SpaceX’s satellite internet network, Starlink, may deliver broadband to people’s homes and their cars, according to CEO Elon Musk.
On Tuesday, Twitter user Anton Kanerva asked Musk whether Starlink’s satellite dishes will work over “high-speed moving objects like trains.” He added: “It would be incredible if trains moving through the middle of nowhere finally could have stable high-speed internet connections!”
In response, Musk tweeted back: “Yes. Everything is slow to a phased array antenna.”
The comment references how Starlink operates over hundreds of satellites orbiting above the Earth at around 350 miles. At this range, even a fast-moving train would appear relatively slow to a Starlink satellite as it beams the internet data toward Earth.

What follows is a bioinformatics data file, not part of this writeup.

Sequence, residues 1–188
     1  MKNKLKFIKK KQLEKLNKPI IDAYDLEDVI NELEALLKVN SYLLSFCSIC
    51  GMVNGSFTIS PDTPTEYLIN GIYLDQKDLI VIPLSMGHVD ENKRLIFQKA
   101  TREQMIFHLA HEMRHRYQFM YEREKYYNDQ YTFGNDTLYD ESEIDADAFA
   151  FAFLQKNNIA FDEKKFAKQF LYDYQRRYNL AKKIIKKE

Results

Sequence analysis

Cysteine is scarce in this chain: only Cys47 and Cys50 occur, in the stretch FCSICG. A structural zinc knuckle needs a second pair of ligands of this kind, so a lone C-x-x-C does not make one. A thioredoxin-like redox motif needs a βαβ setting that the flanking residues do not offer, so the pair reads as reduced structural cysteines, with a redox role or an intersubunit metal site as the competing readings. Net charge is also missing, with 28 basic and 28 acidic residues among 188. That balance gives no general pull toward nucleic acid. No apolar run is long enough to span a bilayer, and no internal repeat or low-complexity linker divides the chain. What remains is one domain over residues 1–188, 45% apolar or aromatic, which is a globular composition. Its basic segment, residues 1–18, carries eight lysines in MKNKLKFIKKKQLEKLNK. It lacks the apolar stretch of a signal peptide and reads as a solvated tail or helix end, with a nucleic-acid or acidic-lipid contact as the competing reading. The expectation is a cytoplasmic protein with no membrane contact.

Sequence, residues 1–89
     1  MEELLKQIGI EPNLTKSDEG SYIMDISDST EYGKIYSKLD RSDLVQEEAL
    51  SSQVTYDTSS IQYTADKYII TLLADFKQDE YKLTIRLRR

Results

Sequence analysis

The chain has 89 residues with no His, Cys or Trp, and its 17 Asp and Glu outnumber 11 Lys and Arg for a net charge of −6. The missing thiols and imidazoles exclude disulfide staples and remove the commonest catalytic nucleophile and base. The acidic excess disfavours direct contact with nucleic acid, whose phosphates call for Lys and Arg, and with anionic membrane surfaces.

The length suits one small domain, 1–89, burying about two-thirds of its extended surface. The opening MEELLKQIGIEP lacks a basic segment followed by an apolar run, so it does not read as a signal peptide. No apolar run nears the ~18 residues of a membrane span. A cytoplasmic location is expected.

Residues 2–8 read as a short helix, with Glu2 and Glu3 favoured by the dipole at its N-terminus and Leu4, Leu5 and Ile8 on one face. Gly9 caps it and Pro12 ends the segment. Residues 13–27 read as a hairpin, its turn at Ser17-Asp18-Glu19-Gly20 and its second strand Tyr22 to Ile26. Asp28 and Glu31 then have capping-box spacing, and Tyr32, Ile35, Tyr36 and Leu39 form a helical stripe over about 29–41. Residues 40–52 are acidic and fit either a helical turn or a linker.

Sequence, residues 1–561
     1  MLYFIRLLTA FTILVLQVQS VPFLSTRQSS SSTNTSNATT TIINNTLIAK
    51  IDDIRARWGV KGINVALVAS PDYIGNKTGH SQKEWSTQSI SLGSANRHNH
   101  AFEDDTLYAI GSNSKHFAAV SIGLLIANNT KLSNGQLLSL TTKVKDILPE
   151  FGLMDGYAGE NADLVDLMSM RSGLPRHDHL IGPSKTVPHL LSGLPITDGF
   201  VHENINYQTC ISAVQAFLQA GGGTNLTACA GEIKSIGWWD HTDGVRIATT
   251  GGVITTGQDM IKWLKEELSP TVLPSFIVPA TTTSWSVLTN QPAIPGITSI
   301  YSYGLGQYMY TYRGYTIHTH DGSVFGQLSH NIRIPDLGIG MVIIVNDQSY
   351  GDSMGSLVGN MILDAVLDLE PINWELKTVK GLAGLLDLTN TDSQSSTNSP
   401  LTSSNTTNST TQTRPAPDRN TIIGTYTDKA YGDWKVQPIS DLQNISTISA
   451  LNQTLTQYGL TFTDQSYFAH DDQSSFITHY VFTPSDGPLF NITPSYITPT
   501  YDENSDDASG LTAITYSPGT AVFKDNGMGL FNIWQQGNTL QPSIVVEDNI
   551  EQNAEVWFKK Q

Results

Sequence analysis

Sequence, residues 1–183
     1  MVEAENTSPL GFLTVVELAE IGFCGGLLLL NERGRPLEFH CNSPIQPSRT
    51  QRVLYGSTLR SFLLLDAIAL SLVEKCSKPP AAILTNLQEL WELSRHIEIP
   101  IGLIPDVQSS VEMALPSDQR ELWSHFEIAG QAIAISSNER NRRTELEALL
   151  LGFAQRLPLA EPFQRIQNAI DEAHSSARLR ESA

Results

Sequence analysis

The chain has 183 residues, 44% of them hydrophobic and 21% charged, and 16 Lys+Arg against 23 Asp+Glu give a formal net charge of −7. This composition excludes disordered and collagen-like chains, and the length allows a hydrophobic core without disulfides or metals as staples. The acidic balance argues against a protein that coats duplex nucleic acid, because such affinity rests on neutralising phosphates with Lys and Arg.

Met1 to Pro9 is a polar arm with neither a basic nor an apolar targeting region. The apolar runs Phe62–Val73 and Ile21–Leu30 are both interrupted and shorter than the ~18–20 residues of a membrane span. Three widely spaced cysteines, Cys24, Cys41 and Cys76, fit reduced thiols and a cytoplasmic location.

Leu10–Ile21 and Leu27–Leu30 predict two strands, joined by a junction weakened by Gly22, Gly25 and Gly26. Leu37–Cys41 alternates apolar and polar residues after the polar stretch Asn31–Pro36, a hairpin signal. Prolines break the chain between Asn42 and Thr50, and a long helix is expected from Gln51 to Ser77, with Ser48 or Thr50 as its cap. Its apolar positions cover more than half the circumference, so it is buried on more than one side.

Musk’s comment raises the prospect users can stay connected to SpaceX’s high-speed internet network no matter where they are—even if they’re in a car—so long as their Starlink satellite dish remains with them. The dish will also need power and a clear view of the sky. But the technology could be a gamechanger for people living in remote areas, who often lack access to stable high-speed internet.
Starlink can currently deliver 100Mbps download speeds with a latency of fewer than 30 milliseconds. But there are still many unknowns about the satellite internet service, such as how much it’ll cost and how it’ll fare in rainy and snowy weather conditions.
Musk has said public beta trials for Starlink will start soon for residents in the Northern U.S. and possibly southern Canada. Interested users can go to the Starlink website to sign up for email updates on service availability.